The method and component values required to produce this desired feedback are determined by the transmitter design engineer. If the component values of the feedback ladder are changed by the user there will be a discrepancy from the manufacturer's specifications. This important point can be easily overlooked. The consequence may be complaints from the program director or general manager that the signal is noisy and has hum. Sometimes component values change with continued operation and slow deterioration in signal quality is not noticed. Check a few component values and run a resistance and capacitor check at maintenance time to ensure that no substantial changes have occurred over the passage of time.
The application of inverse feedback in a transmitter design offers several advantages to the circuit engineer. Apart from minimizing distortion it can also be used to minimize hum. Power tube filaments can produce a surprising amount of hum if proper precautions are not taken, especially in old transmitters.
The heavy current flow in the filament of a large power tube produces a strong magnetic field, which can slightly deflect the electron path in the tube. Because this magnetic field varies at the power line frequency, the election flow is modulated at this frequency and an ac hum develops in the carrier. Many years ago, before inverse feedback was developed, it was standard practice to: use a dc source for the filaments to eliminate PA hum.
Fortunately, inverse feedback can be applied to most of the transmitters currently in use today. This includes all transmitters in which the modulated RF output envelope is strictly in phase with the modulating signal at the point of feedback injection. It is essential that the phase of the feedback signal agree with the phase of the audio signal, otherwise the benefits of inverse feedback will not only be lost but audio quality will be affected.
To produce the necessary in-phase copy of the modulating audio signal a small sample of the modulated RF output is rectified and an audio voltage replicating the RF envelope is produced. This is applied at the input of the modulator stage.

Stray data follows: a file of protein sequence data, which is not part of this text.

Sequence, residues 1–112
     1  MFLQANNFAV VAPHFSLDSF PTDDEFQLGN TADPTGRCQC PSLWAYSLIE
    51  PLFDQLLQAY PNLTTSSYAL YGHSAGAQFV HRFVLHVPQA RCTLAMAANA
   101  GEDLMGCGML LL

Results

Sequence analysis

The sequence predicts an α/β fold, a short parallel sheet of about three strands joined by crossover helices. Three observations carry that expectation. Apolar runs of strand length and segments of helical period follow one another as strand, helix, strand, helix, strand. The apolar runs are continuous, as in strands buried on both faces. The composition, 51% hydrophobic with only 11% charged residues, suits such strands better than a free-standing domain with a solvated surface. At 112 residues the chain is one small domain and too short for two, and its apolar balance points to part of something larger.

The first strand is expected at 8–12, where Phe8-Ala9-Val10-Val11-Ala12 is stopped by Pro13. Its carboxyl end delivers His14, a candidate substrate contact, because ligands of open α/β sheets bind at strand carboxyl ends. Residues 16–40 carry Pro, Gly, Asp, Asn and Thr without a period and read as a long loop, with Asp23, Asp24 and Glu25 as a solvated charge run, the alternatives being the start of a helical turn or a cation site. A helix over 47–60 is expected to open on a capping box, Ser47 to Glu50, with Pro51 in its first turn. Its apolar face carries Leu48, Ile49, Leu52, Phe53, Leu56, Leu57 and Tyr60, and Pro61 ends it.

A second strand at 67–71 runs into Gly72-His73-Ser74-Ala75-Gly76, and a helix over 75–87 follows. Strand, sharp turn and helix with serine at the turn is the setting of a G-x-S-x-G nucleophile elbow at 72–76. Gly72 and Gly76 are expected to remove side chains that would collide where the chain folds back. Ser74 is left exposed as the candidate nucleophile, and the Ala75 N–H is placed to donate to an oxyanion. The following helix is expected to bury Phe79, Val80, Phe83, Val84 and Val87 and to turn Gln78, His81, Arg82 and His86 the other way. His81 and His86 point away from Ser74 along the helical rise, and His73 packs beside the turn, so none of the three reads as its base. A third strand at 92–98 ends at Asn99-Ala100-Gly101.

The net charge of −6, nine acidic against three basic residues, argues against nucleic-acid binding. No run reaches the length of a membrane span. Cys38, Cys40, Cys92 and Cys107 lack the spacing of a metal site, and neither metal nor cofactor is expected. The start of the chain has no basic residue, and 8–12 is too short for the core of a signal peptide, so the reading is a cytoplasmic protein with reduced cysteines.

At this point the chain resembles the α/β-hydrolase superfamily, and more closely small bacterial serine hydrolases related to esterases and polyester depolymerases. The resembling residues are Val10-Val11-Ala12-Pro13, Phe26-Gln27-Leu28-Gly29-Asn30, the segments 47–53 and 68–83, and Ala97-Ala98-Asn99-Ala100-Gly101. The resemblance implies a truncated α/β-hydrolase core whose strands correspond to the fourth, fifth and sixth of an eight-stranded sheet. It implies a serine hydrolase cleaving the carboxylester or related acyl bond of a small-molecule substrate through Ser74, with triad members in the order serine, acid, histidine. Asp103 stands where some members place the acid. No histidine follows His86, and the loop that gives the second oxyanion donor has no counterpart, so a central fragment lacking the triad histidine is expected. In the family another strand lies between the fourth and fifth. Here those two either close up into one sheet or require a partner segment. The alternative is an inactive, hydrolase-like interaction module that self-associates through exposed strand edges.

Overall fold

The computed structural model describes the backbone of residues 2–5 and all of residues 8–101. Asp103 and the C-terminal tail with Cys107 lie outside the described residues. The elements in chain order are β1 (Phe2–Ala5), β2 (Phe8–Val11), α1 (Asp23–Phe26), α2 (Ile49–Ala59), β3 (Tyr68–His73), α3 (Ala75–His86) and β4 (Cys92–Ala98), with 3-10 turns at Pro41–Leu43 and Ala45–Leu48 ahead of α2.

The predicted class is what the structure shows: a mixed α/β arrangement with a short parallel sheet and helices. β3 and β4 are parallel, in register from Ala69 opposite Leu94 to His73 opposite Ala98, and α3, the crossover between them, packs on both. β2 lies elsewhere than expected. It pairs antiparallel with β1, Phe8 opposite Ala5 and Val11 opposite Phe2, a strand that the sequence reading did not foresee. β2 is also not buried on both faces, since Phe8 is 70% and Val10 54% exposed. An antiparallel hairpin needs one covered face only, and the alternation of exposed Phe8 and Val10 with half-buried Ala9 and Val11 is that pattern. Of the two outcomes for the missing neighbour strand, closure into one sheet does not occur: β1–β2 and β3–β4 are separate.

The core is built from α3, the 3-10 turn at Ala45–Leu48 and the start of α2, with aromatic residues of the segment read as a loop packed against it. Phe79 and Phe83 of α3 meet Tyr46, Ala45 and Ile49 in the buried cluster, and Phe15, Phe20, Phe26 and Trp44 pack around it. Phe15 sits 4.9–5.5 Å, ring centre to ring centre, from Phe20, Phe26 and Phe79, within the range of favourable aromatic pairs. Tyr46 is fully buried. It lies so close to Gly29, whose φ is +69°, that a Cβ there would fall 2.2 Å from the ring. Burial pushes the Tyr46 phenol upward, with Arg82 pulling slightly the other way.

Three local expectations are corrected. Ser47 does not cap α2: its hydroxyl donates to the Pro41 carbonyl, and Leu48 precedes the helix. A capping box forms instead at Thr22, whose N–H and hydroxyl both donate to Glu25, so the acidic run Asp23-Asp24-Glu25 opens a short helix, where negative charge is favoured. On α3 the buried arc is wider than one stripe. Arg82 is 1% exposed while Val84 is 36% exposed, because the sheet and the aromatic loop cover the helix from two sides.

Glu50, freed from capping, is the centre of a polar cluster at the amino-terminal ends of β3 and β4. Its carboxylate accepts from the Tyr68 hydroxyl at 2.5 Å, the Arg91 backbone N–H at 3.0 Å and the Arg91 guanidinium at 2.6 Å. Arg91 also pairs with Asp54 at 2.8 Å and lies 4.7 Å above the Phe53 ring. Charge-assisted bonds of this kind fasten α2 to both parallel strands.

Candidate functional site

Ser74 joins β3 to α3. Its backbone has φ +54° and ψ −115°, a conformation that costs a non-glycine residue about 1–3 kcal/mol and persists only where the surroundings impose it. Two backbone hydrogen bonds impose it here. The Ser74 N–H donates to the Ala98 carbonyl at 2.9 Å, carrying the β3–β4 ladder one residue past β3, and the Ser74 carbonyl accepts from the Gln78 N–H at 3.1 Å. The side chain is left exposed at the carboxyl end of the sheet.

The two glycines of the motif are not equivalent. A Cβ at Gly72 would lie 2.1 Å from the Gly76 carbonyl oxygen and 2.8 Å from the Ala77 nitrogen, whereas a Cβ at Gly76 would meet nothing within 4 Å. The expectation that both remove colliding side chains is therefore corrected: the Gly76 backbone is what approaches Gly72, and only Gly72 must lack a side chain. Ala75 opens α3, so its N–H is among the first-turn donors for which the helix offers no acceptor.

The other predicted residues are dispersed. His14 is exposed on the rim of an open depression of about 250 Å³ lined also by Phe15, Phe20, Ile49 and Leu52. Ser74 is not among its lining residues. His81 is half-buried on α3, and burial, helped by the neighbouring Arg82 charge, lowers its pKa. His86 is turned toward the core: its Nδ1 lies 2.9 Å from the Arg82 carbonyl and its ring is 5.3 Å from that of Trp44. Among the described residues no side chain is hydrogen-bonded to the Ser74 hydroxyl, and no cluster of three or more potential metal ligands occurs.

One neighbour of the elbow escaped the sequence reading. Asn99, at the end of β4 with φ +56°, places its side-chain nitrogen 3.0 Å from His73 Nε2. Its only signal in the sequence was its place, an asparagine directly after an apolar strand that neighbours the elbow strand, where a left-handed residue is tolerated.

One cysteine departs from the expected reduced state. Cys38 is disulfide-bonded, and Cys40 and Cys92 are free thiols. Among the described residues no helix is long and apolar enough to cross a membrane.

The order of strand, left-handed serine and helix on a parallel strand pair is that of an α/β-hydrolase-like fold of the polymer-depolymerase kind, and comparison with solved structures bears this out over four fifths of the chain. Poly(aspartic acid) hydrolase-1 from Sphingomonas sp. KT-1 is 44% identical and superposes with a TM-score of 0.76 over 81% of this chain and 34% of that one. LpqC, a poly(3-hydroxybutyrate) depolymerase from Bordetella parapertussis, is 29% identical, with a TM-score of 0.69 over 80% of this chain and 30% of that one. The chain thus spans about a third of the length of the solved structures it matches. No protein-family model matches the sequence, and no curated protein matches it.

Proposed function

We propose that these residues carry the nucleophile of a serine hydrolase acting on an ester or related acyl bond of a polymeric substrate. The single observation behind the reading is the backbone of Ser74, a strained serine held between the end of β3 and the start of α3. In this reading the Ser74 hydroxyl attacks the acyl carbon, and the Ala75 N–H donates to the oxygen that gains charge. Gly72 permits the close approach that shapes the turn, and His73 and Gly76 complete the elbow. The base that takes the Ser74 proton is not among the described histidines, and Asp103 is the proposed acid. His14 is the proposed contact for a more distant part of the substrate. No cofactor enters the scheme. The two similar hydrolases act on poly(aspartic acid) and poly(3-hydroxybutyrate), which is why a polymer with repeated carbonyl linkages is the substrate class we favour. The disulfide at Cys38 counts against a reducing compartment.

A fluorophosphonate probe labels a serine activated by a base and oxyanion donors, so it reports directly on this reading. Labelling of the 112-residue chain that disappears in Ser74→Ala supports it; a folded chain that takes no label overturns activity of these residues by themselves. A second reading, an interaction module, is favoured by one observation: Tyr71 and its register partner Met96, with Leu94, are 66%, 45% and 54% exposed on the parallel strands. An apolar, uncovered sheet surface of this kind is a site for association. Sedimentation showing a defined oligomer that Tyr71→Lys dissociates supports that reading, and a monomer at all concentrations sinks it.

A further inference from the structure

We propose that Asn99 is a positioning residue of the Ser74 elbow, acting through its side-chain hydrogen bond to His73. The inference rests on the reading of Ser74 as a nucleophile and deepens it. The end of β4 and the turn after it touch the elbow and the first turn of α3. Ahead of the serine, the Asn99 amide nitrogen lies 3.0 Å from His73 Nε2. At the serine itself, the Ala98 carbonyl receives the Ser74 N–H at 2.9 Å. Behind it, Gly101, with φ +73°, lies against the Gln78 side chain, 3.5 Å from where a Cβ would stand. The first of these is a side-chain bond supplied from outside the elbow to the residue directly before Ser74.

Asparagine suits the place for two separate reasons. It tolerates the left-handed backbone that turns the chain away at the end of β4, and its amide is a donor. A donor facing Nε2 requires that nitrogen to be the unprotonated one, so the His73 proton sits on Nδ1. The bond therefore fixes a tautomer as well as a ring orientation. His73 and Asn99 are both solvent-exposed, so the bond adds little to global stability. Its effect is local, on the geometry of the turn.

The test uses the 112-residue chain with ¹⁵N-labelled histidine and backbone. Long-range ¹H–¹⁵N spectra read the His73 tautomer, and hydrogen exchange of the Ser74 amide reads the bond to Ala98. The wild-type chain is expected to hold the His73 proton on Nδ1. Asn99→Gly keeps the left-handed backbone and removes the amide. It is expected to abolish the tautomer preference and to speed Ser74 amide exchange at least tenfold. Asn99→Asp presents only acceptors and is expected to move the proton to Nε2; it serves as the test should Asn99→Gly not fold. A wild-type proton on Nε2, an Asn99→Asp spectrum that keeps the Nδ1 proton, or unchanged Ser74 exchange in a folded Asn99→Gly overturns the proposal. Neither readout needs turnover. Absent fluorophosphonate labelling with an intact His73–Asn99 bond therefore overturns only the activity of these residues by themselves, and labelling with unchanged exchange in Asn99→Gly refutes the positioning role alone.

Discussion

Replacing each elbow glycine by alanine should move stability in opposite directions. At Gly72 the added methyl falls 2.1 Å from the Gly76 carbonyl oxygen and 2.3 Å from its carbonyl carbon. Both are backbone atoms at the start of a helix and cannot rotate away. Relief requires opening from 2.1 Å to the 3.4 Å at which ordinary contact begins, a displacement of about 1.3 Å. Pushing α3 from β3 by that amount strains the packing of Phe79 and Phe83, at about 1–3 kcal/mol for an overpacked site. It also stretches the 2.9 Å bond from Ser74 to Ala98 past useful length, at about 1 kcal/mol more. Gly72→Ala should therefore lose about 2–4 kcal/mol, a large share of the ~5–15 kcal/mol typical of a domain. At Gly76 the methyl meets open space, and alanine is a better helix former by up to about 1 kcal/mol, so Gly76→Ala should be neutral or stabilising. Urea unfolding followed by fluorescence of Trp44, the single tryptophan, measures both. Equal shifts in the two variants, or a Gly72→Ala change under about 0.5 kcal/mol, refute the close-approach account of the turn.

The major characteristic required for successful inverse feedback application is a modulation envelope, which closely replicates the phase of the audio signal at the point of feedback injection. A problem can arise in plate-modulated transmitters because the inevitable phase shift that occurs in modulation and driver transformers makes it difficult to apply inverse feedback over the whole stage. This excessive phase shift occurs at higher audio frequencies.
Because of this excessive phase shift caused by the various transformers and other iron-cored devices, feedback is normally only used in the modulator stage and excluding the modulation transformer. This will correct distortion and hum produced in this stage, but not any produced in the RF stage.
Inverse feedback can be applied in most transmitters in use today, provided that audio phase remains constant over the whole audio frequency range in use. It can be used with the Doherty system, grid modulation and class B linear amplifiers and circuits where phase relationships can be precisely maintained so that gain and noise reduction benefits will result.
Feedback is not a panacea that will correct an improperly tuned or misadjusted transmitter. It will not cure distortion resulting from negative overmodulation. Instead, it merely causes heavier negative overmodulation.
E-mail Battison at